Oh Shane, I also forgot

Posted by: Mike Brock | 2009-05-04 12:52:18 PM


Oh Shane, I also forgot appeal to emotion.

You know where you go after how insensitive and disrespectful I'm being to Suzanne's position, etc. Which is actually, more broadly, a red herring.

Posted by: Mike Brock | 2009-05-04 12:53:48 PM


Sure hope you don't have an ownership stake in this once-relevant blog, Mike.

Posted by: set you free | 2009-05-04 1:11:33 PM


set you free,

I hear the readership is on the upswing. Apparently there is a growing interest in the principles of reason.

Posted by: Mike Brock | 2009-05-04 1:17:16 PM


I would agree that your viewpoints are attracting many reasonable people to counteract your foolish positions.

Posted by: set you free | 2009-05-04 3:27:35 PM


I would agree that your viewpoints are attracting many reasonable people to counteract your foolish positions.

Really? Who are these people? What are their reasonable arguments? I want to debate these reasonable people you speak of.

Posted by: Mike Brock | 2009-05-04 3:34:04 PM


Steynian writes about my post:

The lapsing into ‘consensual contract’ language doesn’t make anything right: the good or evil of an act is not determined by whether the participants were agreeable.

True, Steynian, but 'consensual contract' has everything to do with defining criminality. If we draw no distinction between moral questions and legal questions then Western notions of justice are no different than Sharia law notions of justice.

Posted by: Matthew Johnston | 2009-05-07 5:04:07 PM


Matthew,

I'm not sure your response covers it. Contract is both a legal notion and a moral notion (at least, as libertarians, we should think so.)

It's because the person who signs the contract is morally obligated to hold up his end that it becomes permissible to force him to honor the terms.

One question to ask -- that has to be asked -- is how much morality should infuse or influence the law. The libertarian answer is: not much at all. The conservative answer is: quite a bit. The shariah law proponent's answer is: completely, to the exclusion of all other factors.

But looked at in this way, the conservative rides a lot closer to the Islamist than it does to the libertarian. And the liberal, for all his faults, rides closer to the libertarian.

There's a good paper you would really like that gets at this point in a very compelling way:

"Liberal neutrality: a compelling and radical principle" by Gerald Gaus. I'd think you'd like it a lot.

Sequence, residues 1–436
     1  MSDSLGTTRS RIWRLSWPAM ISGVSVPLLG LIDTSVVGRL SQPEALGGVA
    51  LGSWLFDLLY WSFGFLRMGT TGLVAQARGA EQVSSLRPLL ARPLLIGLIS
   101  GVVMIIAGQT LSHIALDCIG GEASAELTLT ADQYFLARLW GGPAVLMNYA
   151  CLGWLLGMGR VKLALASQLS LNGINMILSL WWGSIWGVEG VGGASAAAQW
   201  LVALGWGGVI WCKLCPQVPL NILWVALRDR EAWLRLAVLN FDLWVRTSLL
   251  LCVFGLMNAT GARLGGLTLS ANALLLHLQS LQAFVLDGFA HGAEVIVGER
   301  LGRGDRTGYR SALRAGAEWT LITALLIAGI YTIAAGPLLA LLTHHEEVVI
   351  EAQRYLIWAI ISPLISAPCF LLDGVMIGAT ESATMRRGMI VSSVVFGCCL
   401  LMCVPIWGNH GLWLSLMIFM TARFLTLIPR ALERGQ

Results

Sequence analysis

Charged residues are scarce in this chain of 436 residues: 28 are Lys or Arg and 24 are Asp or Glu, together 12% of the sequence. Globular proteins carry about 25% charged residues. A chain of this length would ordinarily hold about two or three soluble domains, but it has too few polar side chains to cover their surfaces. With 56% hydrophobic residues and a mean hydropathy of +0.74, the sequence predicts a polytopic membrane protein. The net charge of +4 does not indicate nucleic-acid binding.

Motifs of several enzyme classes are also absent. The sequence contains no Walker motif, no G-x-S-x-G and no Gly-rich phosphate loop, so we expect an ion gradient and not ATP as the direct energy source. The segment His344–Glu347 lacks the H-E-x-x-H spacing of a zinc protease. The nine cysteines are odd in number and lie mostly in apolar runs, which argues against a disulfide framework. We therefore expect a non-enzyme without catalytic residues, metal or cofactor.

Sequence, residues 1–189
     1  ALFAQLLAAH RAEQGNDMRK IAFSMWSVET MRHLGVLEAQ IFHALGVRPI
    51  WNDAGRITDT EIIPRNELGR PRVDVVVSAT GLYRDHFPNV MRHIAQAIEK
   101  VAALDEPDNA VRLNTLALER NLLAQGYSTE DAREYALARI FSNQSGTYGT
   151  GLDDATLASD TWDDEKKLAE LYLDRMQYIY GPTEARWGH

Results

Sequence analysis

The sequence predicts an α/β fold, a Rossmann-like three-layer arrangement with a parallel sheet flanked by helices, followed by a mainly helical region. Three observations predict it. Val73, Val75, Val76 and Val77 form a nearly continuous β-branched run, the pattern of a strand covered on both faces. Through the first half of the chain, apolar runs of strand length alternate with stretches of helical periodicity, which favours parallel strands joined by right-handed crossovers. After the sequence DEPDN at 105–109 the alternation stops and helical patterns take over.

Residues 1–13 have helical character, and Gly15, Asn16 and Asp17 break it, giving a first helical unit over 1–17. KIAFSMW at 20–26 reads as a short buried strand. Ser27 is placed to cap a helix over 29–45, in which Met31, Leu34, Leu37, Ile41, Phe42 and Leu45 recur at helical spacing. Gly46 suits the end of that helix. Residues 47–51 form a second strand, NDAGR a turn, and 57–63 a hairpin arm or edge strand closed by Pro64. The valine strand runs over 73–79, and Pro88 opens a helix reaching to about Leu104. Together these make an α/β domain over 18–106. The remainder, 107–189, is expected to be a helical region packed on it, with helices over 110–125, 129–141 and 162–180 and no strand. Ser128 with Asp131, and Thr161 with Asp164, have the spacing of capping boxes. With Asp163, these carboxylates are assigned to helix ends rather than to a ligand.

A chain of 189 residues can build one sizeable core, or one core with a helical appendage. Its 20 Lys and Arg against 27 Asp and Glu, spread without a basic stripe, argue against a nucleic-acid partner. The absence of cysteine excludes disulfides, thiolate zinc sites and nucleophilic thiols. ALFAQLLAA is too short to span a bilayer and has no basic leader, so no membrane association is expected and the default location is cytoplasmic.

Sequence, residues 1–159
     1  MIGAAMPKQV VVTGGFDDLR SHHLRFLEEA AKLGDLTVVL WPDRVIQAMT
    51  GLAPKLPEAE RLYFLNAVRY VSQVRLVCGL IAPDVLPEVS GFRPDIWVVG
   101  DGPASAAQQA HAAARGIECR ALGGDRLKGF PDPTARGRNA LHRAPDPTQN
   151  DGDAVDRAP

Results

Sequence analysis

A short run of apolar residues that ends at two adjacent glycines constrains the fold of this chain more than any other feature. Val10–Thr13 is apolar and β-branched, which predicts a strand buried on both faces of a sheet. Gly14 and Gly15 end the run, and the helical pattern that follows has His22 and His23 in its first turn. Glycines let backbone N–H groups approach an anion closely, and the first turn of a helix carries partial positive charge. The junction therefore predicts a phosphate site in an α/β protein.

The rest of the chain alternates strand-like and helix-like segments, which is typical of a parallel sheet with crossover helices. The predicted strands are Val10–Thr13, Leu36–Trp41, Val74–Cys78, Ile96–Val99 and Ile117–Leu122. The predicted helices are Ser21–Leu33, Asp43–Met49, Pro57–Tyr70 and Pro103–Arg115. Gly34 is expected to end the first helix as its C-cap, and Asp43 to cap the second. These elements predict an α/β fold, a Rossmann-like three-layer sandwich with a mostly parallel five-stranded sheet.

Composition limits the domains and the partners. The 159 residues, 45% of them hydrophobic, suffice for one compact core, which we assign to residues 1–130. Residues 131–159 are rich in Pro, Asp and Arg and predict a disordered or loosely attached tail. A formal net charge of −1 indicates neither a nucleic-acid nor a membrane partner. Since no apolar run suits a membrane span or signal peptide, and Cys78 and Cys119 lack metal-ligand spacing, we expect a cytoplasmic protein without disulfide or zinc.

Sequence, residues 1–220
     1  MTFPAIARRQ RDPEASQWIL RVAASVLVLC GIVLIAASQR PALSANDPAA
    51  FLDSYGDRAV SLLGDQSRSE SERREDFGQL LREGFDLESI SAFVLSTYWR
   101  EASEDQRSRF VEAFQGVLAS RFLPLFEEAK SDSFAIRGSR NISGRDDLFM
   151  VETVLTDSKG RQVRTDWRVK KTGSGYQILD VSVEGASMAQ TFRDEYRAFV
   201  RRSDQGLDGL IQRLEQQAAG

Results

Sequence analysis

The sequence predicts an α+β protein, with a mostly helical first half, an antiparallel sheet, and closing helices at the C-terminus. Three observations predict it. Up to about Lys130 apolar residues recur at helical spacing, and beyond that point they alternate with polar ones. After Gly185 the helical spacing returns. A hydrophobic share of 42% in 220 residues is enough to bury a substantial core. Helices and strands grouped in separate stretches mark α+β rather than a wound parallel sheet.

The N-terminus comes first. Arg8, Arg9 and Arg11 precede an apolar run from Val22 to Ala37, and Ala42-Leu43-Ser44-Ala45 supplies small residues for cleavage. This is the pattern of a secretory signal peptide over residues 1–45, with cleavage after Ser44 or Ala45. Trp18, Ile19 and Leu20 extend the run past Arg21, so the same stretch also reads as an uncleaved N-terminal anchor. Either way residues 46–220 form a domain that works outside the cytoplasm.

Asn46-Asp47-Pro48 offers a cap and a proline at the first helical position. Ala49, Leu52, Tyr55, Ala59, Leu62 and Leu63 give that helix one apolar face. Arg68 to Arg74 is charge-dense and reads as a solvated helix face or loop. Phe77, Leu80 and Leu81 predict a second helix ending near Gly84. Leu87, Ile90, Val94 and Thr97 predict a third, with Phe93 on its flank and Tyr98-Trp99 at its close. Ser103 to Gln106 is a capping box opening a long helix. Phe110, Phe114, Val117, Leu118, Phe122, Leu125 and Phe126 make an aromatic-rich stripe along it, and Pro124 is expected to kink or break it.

Gaus argues that the principle of liberal neutrality - which forbids the government from basing laws on aspects of morality others can reasonably reject - basically has a libertarian upshot.

Posted by: Terrence Watson | 2009-05-07 5:36:02 PM


Terrence, I've explained the libertarian distinction between vice and crime a dozen times. If you don't find my distinction reasonable, tell me why.

Peaceful, consensual acts are not crimes by liberal and libertarian definition. That does not mean that these acts can not be immoral, which is a much more subjective question.

Criminal acts are immoral, but not all immoral acts are criminal, philosophically speaking.

If conservatives can not understand this distinction, then they have more in common with radical Islam when it comes to a theory of justice, then they do with Western liberal notions of justice.

You wrote: "One question to ask -- that has to be asked -- is how much morality should infuse or influence the law. The libertarian answer is: not much at all. The conservative answer is: quite a bit. The shariah law proponent's answer is: completely, to the exclusion of all other factors."

It's not a question of how much morality should infuse or influence the law. It's a question of the nature of the act, a question that concerns personal autonomy, private property and consent.

Acts of aggression should always be a matter of law. Peaceful acts should not be a matter of law -- or they shuold not be prohibited, to be more accurate -- which is not the say these acts should not be a matter of moral discussion.

I have no idea where you're finding fault with my statement in response to Steynian.

Posted by: Matthew Johnston | 2009-05-07 6:02:04 PM


"Gaus argues that the principle of liberal neutrality - which forbids the government from basing laws on aspects of morality others can reasonably reject - basically has a libertarian upshot."

Yeah. Of course. You think I misunderstand this basic libertarian position?

Posted by: Matthew Johnston | 2009-05-07 6:12:48 PM


Matthew,

Sorry, I was probably less clear than I could have been. I see the Steynian saying something like this: